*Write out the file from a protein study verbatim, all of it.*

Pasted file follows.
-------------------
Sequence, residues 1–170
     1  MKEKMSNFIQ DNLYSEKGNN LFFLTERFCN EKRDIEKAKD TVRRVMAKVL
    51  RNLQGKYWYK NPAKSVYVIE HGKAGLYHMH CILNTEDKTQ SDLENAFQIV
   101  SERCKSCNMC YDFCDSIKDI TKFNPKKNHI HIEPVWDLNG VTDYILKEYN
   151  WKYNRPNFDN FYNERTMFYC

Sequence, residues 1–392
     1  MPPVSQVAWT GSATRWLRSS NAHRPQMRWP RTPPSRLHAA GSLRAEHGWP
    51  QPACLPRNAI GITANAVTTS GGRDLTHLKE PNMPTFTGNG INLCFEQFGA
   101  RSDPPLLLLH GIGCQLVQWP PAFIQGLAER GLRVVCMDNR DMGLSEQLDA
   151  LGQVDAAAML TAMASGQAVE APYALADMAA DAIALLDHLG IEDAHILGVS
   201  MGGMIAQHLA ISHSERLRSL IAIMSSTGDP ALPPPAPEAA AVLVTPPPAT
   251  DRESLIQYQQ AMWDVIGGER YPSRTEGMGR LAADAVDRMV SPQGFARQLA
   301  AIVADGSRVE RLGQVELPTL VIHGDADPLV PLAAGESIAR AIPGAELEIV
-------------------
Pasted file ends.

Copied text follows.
Sequence, residues 1–170
     1  MKEKMSNFIQ DNLYSEKGNN LFFLTERFCN EKRDIEKAKD TVRRVMAKVL
    51  RNLQGKYWYK NPAKSVYVIE HGKAGLYHMH CILNTEDKTQ SDLENAFQIV
   101  SERCKSCNMC YDFCDSIKDI TKFNPKKNHI HIEPVWDLNG VTDYILKEYN
   151  WKYNRPNFDN FYNERTMFYC

Sequence, residues 1–392
     1  MPPVSQVAWT GSATRWLRSS NAHRPQMRWP RTPPSRLHAA GSLRAEHGWP
    51  QPACLPRNAI GITANAVTTS GGRDLTHLKE PNMPTFTGNG INLCFEQFGA
   101  RSDPPLLLLH GIGCQLVQWP PAFIQGLAER GLRVVCMDNR DMGLSEQLDA
   151  LGQVDAAAML TAMASGQAVE APYALADMAA DAIALLDHLG IEDAHILGVS
   201  MGGMIAQHLA ISHSERLRSL IAIMSSTGDP ALPPPAPEAA AVLVTPPPAT
   251  DRESLIQYQQ AMWDVIGGER YPSRTEGMGR LAADAVDRMV SPQGFARQLA
   301  AIVADGSRVE RLGQVELPTL VIHGDADPLV PLAAGESIAR AIPGAELEIV